books

books

E-Books are “real books” – really!

E-Books are “real books” – really!

Don’t be fooled by the format – e-books are ‘real’ books in every sense that matters, and can make your course assignments easier and better! Practically everyone who has used the Internet has had some experience with e-books.  You might not own a Kindle or an iPad but likely have read something interesting through GoogleBooks or Project Gutenberg, or in specialized archives like the Baen Free Library.  Some of us seek e-books, buying them for specific mobile devices.  You sometimes hear people say that ‘real’ books are going the way of the dinosaur – but no one makes the claim that reading is dying out. At IU East, we subscribe to several e-book sources.  The biggest are Ebrary, Books24x7, and … Continued
Billie Girl

Billie Girl

A few days ago we were privileged to hear Vickie Weaver speak and read from her book Billie Girl, which won the 2009 Leapfrog Fiction Contest.  Weaver spoke on her journey towards becoming an author, and the challenges of that work. One thing Ms. Weaver has found is that her writing has naturally gravitated to giving voice to the voiceless and underrepresented in society.   This awakening began for her in college, as she discovered women’s studies classes, and now flows naturally from her novels. Ms. Weaver is an alumna of IU East, and received her M.F.A. in creative writing from Spalding University.  While she is first and foremost a writer, Weaver also teaches composition and creative writing part-time at IU … Continued
Bog Child and Breast Cancer Awareness

Bog Child and Breast Cancer Awareness

Sometimes you come across a book that grabs you and holds you from the first page until the last. Bog Child by Siobhan Dowd, winner of the Carnegie Medal in Literature in 2009, is one of these books.  One of the many wonderful books available in the IU East Campus Library’s Young Adult collection, this beautifully written novel captures two times in one place. It is set in Northern Ireland in 1981, during the violence and upheaval known as “The Troubles.” Fergus McCann is struggling to finish his exams and plan for his future, but finds himself continually distracted by the chaos around him. His older brother joins a prison Hunger Strike and Fergus struggles to understand his own place … Continued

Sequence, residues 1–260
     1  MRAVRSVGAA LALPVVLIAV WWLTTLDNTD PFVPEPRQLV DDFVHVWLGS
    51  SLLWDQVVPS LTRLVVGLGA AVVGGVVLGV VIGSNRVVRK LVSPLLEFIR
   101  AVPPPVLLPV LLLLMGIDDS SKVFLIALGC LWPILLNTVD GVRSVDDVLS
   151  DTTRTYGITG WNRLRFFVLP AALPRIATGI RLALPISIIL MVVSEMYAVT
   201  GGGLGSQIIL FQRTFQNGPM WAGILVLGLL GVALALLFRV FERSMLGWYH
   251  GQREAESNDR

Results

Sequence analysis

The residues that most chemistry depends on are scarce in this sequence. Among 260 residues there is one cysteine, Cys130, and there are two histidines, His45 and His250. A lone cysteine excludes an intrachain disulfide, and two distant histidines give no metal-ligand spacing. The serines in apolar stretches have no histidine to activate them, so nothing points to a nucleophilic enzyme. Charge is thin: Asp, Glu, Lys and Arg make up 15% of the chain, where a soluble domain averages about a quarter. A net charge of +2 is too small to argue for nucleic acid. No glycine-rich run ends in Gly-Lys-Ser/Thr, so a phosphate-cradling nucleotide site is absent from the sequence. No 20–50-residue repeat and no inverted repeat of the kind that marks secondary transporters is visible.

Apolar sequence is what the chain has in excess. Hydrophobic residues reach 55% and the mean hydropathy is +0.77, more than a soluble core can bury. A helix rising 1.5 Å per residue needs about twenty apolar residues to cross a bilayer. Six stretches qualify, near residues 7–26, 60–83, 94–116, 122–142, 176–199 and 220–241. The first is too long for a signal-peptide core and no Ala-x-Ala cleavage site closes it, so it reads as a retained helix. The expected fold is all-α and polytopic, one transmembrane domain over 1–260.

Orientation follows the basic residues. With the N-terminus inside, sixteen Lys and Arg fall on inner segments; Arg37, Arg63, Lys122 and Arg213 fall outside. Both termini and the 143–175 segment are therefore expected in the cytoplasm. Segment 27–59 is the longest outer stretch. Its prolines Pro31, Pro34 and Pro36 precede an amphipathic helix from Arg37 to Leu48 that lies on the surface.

Graphic Novels

Graphic Novels

One type of literature I’ve always been fascinated with is comic art.  In fact, I even considered becoming a comic book artist before I decided to become a librarian.  IU East has a modest collection of graphic novels – some famous, like Persepolis and Barefoot Gen.  Some aren’t, and I’d like to tell you a bit about a few of them. We3 by Grant Morrison (PN6727.M677 2005), describes a trio of animals – a dog, a cat, and a rabbit – that have been converted by the army into efficient living weapons for combat situations too dangerous for humans.  But a visit by a bureaucrat unnerved by their rudimentary language and sentience orders them destroyed.  A scientist, unwilling to see … Continued
Summer Read

Summer Read

Some years ago the library had a book in the Leisure section about Vikings, written by Don Coldsmith.  I had just finished a summer class “Heroes, Monsters and Crusaders” taught by Dr. Eleanor Turk.  One of the topics we talked about was Beowulf, who was a Viking.  This caught my interest and I wanted to read more about Vikings.  As it turned out Dr. Coldsmith’s book, “Runestone,” was so well written that I wanted to read more of his works.  He didn’t write anymore Viking stories but had written about 12 other books about the Indians of the Great Plains set between 1540-1700.  And IU Kokomo owned the books.  So I started borrowing them through interlibrary loan.  I showed the … Continued